Some have suggested that a memorial park be built on the sixteen-acre site of the former World Trade Center. This has been done at other sites of extreme violence, such as the Hiroshima memorial peace park, and the former site of the Alfred P. Murrah federal building in Oklahoma City. The motivation for these parks is admirable, a desire to honor the dead, and not to dishonor what had been essentially a mass grave.
It’s important to acknowledge our devastating losses. We have to imagine, however, what those killed would say, were they here to speak for themselves. Most were ordinary people, pursuing careers and dreams like the rest of us. They never knew they would become martyrs, never knew that their lives would be sacrificed as payment in blood for our way of life. The majority of them also quietly and in a myriad of ways relished their participation at the height of our civilization. They chose New York City, or maybe it chose them. The businesses who located at 1 and 2 World Trade did so because of the prestige and power it conferred. The firm Cantor Fitzgerald, for example, at the top of 1 World Trade, reportedly housed a huge collection of original Rodin sculptures that, along with ALL its employees at the top of that tower, have now become dust.
The population of the towers was 25,000 to 50,000 the size of a small city. Let’s stop to think for a minute if somehow a rural American town were to (god forbid) be leveled (by a UFO, hypothetically). Every structure completely destroyed and the surrounding land blackened. Then let’s say that all but 6,500 of the town’s inhabitants were alive. It’s very obvious that the remaining people, though grief stricken, would want to rebuild their town. They would not just drift away, leaving scorched earth, or for the land to be returned to farming and ranching. Every town has a soul and the soul cries out to be restored.
Warsaw, Poland, had its landmarks systematically destroyed by the Nazis during WWII. After the war, the landmarks were carefully rebuilt. The Polish recognized that a city IS its landmarks.
As far as the towers are concerned, they were not just landmarks, they were a vital part of the daily functioning of the entire country. Each tower had millions of square feet. Along with the other buildings that collapsed, the trade towers represented 20% of Manhattan’s office space. To put this in perspective, the towers alone had nearly 200 ACRES of usable floor area.
So we have lost a vital city within a city. The Port Authority offices were lost, the mayor’s emergency operation center, 17% of all the attorney’s offices in the city have been destroyed. And it’s not just the offices. The below ground areas of the WTC housed shopping, a subway station, bank and bullion vaults, and are honeycombed with utility tunnels and interconnections with other structures.
It’s just this interconnectedness and interdependence that made New York the city it was. I believe the people who lost their lives would want to know that we were working as hard as possible to restore what they had a hand in building. Those killed and injured and their families are not the only victims. Thousands of planners, architects, engineers, construction workers and fabricators spent years of their lives between 1966 and 1972 to construct the towers. Those years of their lives have now been cruelly mocked.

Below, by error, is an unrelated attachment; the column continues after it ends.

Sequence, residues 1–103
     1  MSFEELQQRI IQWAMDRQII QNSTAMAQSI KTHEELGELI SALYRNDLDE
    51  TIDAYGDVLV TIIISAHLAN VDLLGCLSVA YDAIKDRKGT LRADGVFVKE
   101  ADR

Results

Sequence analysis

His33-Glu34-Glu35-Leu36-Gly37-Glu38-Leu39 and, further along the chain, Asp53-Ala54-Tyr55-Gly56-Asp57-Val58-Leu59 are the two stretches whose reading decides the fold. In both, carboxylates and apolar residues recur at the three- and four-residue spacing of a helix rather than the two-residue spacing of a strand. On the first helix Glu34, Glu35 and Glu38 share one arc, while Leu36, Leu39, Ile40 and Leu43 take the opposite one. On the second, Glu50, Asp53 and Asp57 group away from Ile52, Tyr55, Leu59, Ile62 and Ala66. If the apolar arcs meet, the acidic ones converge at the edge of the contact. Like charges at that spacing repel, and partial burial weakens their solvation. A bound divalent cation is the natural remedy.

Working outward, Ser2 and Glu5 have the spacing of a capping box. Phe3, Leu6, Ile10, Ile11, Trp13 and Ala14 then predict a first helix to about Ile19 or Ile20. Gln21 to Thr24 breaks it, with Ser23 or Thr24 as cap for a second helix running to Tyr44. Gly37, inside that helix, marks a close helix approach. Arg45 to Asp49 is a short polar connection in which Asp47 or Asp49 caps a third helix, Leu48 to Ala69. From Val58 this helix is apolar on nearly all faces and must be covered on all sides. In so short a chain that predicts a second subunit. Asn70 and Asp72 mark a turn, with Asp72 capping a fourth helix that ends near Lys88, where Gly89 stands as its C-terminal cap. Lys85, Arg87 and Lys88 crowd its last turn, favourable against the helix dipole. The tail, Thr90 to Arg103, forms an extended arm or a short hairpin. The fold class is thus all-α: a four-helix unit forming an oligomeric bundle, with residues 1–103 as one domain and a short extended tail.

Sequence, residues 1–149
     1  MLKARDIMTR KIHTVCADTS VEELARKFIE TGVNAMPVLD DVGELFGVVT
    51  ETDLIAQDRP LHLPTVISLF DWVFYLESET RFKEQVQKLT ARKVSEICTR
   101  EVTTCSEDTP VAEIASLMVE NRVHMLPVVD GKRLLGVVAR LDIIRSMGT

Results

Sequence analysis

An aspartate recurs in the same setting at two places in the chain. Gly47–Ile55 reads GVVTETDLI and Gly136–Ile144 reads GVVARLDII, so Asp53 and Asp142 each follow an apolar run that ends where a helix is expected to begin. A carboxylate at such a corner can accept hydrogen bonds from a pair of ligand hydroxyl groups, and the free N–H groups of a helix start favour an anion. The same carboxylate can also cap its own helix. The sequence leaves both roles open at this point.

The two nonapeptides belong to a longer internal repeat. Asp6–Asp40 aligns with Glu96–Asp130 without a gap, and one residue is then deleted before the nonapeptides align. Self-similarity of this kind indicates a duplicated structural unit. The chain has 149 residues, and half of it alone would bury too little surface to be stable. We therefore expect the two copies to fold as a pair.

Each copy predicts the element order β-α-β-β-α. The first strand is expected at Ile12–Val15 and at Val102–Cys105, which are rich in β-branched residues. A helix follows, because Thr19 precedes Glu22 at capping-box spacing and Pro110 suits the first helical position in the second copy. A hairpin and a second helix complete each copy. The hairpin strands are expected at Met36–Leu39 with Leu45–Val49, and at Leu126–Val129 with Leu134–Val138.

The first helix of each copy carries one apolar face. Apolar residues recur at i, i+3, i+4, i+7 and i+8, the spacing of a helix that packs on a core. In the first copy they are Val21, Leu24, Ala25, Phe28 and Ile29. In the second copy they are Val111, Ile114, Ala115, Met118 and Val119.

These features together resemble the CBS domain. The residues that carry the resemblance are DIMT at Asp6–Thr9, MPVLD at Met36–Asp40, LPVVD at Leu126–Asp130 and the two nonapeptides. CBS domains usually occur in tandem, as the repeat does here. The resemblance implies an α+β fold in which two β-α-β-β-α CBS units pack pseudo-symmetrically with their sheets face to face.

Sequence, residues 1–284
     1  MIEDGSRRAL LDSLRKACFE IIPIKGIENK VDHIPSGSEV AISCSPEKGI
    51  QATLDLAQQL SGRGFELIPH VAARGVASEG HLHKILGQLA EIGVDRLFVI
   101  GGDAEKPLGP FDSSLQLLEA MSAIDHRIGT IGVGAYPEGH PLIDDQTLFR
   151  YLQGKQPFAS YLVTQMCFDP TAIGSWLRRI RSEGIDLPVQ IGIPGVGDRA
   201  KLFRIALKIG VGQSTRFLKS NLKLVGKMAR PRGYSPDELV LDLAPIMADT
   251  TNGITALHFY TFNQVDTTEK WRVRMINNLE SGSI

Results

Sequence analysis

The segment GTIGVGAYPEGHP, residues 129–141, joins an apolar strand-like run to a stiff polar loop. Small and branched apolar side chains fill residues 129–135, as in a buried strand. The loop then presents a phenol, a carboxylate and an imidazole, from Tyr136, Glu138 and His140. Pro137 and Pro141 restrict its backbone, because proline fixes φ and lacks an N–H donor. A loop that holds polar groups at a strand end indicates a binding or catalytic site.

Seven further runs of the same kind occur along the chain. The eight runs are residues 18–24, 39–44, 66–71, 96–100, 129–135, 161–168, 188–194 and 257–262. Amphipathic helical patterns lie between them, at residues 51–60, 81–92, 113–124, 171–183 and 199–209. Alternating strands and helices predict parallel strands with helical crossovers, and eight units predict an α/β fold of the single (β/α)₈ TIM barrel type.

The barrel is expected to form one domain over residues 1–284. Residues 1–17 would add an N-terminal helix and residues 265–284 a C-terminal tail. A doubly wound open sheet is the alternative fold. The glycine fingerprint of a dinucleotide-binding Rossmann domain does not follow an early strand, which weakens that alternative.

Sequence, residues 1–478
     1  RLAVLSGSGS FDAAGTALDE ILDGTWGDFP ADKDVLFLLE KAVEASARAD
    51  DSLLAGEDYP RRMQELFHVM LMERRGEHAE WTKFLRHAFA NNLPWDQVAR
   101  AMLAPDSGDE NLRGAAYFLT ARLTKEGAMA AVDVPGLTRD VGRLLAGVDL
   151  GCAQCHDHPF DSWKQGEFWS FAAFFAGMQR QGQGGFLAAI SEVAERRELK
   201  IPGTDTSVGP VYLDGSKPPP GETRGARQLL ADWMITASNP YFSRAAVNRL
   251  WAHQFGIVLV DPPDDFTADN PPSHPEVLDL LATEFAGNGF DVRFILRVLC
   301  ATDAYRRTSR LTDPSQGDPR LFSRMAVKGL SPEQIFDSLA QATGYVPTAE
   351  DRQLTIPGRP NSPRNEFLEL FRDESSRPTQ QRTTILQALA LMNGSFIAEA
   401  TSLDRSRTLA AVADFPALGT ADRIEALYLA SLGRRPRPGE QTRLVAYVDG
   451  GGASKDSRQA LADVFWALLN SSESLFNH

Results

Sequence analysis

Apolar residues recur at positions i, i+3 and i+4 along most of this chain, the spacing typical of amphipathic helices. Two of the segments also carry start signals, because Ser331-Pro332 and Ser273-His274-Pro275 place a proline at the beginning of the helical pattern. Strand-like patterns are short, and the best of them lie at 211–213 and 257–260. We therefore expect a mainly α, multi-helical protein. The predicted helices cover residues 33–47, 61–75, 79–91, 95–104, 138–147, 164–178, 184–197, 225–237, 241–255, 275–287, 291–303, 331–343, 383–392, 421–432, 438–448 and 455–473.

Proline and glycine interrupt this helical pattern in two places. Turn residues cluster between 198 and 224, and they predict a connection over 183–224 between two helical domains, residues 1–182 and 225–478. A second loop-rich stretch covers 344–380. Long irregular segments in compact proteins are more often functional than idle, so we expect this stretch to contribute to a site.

New York and the nation needed the World Trade Center. The city will now limp along at 80% efficiency. People will double up, rents will rise, and an equilibrium will be re-established. But to ensure that the economic engine that fuels our nation is operating at full speed, the office space must be replaced. And in Manhattan, the only way to go is UP.
So to sum up, we must first ensure our national safety, so that this cannot happen again. As the experts have said, it could take years before we ferret out the backers of the perpetrators. But during this time, we must begin to draw plans for the new city. Architectural competitions should be held around the globe. We must be ready to spring into action. Once we are satisfied that this worldwide terrorist network has been neutralized, let the glass, steel and concrete again begin its march into the sky.
Larry Silverstein, the leader of the consortium that just signed a 99-year lease on the trade center towers, has said he wants to rebuild. He is considering 4 50-story towers as a practical alternative to replace the 10 million square feet of offices. As the lessor who controls the site into the year 2100, Silverstein is in a good position not only to choose to rebuild, but to force the Port Authority to perform on its lease agreement. So the question of rebuilding may not be if but when.
I personally don’t relish the idea of 4 ordinary office towers replacing those fallen national icons. But ours being a market driven system, aesthetics and pride may not be enough to get the original towers rebuilt. If 110 stories is just too scary for his prospective tenants and their insurance companies, maybe Silverstein would consider a triad of 80 story buildings.
In any case, the new structures should not be an exact copy of the old. We have evolved in our design sensibilities and our needs. We can build more efficient 21st century buildings more in harmony with the environment. But we must pay homage to what was lost. Though striking and different, the new skyline should remind us unmistakably of that grand 20th century city that used to lay across the harbor from Lady Liberty. We need time to absorb this shock, but when we have, we will not desire retrenchment.
So let’s dedicate the new buildings as living memorials. Make them special and grand. It would be the very highest honor we could bestow on our fallen citizens.